August 17, 2020
In early April, a single mom with three kids reached out to Rep. Mark Spreitzer (D-Beloit) desperate for help.
“I don’t know what else to do or who else to turn to,” she explained in the email.
As a waitress, she was thrown out of work on March 17th when Gov. Evers shutdown every restaurant in the state. Over three weeks had passed and she was still waiting for her first unemployment check from the Department of Workforce Development (DWD).
“The 1st of April I had to decide whether to pay my rent or feed my family and get them the personal hygiene products they need it was a difficult decision that until this point was never a problem for me,” she wrote.
When she tried to contact DWD about why it was taking so long to process her claims, “I am met with a recording that says they have reached the limit of callers they can place on hold and they end the call.”
Spreitzer immediately got back to the woman and learned that she had received information at the time of her claim that it could take DWD up to 21 days to determine her eligibility. She emailed him the day after those 21 days had elapsed.
Spreitzer emailed DWD Sec. Caleb Frostman to find out why his agency had yet to send this woman her unemployment benefits. DWD’s legislative liaison, John Keckhaver, responded that the woman misunderstood what was meant by 21 days.
“The estimate that is given for resolution of those is 21 business days, which would be next Thursday,” he emailed back to Spreitzer and Frostman. “She’s being called and told this as well.”
Sec. Frostman was apparently happy with this result.
“Thank you for the thorough follow up. Much appreciated. I talked to Spreitzer this morning as well to clear up some other things (the same question his staffer had ahead of the legislative briefing), which I think went well,” Frostman wrote to Keckhaver in an email.
That email from Frostman might not seem like much, but it was the longest email he wrote concerning unemployment benefits from March 12th to April 12th. In fact, Frostman only sent five emails on the topic during that month, according to DWD’s response to an open records request from the MacIver News Service.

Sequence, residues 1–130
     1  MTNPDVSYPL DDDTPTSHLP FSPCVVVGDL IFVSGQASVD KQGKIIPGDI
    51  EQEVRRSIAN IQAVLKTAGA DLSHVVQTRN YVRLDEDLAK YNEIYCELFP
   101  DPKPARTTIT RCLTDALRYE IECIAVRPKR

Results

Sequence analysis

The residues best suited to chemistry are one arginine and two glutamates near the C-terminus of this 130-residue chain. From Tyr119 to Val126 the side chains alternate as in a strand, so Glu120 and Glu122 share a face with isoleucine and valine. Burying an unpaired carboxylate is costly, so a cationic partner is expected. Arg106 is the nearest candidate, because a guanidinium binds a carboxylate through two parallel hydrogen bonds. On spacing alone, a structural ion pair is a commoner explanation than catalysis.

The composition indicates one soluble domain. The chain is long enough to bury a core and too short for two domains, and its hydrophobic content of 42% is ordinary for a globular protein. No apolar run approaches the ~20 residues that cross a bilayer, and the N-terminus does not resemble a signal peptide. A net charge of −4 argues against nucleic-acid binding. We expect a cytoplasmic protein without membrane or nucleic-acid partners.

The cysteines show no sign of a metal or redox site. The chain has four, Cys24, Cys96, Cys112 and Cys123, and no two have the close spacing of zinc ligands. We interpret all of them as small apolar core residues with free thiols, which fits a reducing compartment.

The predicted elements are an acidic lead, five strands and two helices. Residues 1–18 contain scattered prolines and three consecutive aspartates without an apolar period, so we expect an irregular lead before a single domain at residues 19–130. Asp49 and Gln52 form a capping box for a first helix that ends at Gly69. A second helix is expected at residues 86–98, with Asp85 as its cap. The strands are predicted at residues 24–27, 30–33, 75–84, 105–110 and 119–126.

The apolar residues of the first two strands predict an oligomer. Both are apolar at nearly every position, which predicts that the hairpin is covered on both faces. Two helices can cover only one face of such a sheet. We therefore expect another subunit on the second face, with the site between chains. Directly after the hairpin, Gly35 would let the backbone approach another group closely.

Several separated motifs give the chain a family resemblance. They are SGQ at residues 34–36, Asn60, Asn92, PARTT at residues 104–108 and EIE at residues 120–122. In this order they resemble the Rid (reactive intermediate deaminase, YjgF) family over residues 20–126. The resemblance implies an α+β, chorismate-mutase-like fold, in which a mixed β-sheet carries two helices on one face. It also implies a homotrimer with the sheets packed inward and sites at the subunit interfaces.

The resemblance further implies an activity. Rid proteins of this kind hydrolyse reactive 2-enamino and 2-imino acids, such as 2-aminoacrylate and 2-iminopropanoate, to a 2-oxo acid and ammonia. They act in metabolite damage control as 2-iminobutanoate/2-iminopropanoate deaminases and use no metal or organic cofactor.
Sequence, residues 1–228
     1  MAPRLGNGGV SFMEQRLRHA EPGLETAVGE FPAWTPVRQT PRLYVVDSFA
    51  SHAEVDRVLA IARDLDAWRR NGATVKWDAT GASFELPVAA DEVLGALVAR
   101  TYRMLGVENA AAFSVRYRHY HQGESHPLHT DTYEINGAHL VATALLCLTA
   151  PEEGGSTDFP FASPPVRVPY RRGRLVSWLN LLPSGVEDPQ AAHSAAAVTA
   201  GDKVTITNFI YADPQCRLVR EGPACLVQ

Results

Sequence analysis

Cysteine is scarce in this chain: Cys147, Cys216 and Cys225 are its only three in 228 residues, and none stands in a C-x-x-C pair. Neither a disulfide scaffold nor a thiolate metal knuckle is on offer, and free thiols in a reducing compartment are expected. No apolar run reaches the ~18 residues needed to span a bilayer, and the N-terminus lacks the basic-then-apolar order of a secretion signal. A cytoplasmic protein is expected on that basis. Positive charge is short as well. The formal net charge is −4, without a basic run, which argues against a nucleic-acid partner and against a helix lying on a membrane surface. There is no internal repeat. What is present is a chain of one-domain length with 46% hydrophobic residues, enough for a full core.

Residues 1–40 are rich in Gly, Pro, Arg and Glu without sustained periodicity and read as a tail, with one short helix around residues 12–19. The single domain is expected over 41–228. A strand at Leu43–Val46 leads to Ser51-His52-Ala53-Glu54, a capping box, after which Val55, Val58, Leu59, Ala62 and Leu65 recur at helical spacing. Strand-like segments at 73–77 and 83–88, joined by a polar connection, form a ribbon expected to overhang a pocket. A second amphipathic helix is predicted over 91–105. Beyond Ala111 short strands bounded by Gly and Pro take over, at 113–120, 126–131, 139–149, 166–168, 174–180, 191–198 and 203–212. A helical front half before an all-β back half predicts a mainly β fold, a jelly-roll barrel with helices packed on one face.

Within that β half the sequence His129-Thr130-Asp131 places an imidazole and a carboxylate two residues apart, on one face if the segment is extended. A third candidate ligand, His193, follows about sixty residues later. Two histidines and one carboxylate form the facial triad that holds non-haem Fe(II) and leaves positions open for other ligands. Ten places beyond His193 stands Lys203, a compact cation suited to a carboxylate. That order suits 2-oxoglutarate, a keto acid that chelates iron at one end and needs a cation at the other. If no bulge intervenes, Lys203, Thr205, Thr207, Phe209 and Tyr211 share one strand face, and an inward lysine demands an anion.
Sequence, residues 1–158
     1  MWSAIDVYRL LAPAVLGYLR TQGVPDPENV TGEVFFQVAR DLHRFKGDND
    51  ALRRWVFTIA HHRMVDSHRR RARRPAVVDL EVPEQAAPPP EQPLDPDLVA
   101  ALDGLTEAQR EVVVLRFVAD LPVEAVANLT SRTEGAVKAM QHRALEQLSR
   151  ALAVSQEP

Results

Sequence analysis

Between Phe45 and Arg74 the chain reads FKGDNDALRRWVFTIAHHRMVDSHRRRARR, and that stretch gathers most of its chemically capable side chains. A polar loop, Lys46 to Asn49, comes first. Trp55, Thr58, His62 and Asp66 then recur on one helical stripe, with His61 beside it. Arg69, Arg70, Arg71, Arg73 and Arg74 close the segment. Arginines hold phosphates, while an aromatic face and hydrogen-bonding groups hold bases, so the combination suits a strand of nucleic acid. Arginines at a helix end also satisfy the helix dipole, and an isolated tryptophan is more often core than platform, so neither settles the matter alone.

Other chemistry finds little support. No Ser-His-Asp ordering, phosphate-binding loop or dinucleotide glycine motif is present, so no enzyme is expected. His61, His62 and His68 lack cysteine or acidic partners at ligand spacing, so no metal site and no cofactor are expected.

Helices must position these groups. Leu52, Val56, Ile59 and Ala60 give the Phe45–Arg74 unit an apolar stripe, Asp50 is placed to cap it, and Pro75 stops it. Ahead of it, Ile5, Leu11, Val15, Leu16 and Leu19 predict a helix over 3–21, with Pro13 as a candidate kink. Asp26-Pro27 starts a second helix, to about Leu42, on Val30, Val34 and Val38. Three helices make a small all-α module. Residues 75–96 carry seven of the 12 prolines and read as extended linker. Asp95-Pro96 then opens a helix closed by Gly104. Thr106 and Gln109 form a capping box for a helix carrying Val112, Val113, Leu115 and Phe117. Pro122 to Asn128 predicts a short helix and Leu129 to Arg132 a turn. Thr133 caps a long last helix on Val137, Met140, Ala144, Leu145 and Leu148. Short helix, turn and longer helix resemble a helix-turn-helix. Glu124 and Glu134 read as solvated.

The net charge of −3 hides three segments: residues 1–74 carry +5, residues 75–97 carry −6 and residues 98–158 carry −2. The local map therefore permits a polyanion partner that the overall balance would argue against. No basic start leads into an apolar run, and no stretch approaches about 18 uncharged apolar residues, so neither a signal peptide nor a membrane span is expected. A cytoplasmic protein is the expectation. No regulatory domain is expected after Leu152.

None of the five Frostman emails contained any directions or guidance concerning the crisis.
In one email, Frostman forwarded a pre-drafted email from Keckhaver to Sen. Feyen about federal unemployment programs. In another email, he sent a press release to Evers’ Chief of Staff Maggie Gau with no accompanying message.
The last two Frostman emails are especially telling. On March 19th, DWD’s deputy secretary, JoAnna Richard, notified him that unemployment claims were up by 70,000.
“This number will dramatically grow for next week,” Richard stated.
“Good flag and thanks for sending,” Frostman responded.
The email contained no other remarks, guidance, or instructions. He did not send another email about unemployment benefits until a week later.
On March 26th, Richard sent him the new unemployment numbers. They were up by 3 million nationwide.
“Holy Buckets!” Richard wrote.
Frostman’s only response was “Holy buckets is right! Wowzers.”
Most of those claims would go unfulfilled for months. At a hearing in May, Frostman told lawmakers DWD would not get caught up on sending out unemployment checks until October, about the same time the trust fund goes dry.
As the secretary for DWD, Caleb Frostman is the person most responsible for ensuring unemployment checks are sent out quickly and efficiently. It might be hard to believe he only sent out five emails on the topic during the first month of the crisis, and that none of those emails contained anything resembling leadership.
However, we can be certain that those were the only emails Frostman sent about unemployment benefits from March 12 to April 12th. That’s because the MacIver News Service submitted an open records request for “All emails to or from Caleb Frostman concerning unemployment claims from Mar. 12, 2020 to Apr. 12, 2020.” Complying with that request is a matter of state law.
Most of the emails Frostman received were standardized weekly update reports. He was not invited to any meetings through email. No one reached out for his opinion or guidance through email on the situation. No one from the Evers office emailed Frostman about the situation during the above timeframe.